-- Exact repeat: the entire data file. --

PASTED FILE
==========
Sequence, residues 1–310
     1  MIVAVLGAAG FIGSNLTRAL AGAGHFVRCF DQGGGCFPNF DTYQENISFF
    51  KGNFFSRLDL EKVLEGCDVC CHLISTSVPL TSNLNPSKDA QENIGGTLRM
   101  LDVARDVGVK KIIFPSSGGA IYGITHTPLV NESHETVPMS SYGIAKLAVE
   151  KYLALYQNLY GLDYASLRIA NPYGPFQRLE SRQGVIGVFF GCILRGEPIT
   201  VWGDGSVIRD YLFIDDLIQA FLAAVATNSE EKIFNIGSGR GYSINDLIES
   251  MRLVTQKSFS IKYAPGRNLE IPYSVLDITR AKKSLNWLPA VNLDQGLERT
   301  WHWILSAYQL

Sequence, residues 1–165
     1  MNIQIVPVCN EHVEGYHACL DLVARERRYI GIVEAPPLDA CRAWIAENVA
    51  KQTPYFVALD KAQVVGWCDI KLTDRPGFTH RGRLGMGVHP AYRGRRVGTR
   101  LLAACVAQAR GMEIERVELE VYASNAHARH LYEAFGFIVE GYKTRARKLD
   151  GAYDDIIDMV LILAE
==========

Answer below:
Sequence, residues 1–310
     1  MIVAVLGAAG FIGSNLTRAL AGAGHFVRCF DQGGGCFPNF DTYQENISFF
    51  KGNFFSRLDL EKVLEGCDVC CHLISTSVPL TSNLNPSKDA QENIGGTLRM
   101  LDVARDVGVK KIIFPSSGGA IYGITHTPLV NESHETVPMS SYGIAKLAVE
   151  KYLALYQNLY GLDYASLRIA NPYGPFQRLE SRQGVIGVFF GCILRGEPIT
   201  VWGDGSVIRD YLFIDDLIQA FLAAVATNSE EKIFNIGSGR GYSINDLIES
   251  MRLVTQKSFS IKYAPGRNLE IPYSVLDITR AKKSLNWLPA VNLDQGLERT
   301  WHWILSAYQL

Sequence, residues 1–165
     1  MNIQIVPVCN EHVEGYHACL DLVARERRYI GIVEAPPLDA CRAWIAENVA
    51  KQTPYFVALD KAQVVGWCDI KLTDRPGFTH RGRLGMGVHP AYRGRRVGTR
   101  LLAACVAQAR GMEIERVELE VYASNAHARH LYEAFGFIVE GYKTRARKLD
   151  GAYDDIIDMV LILAE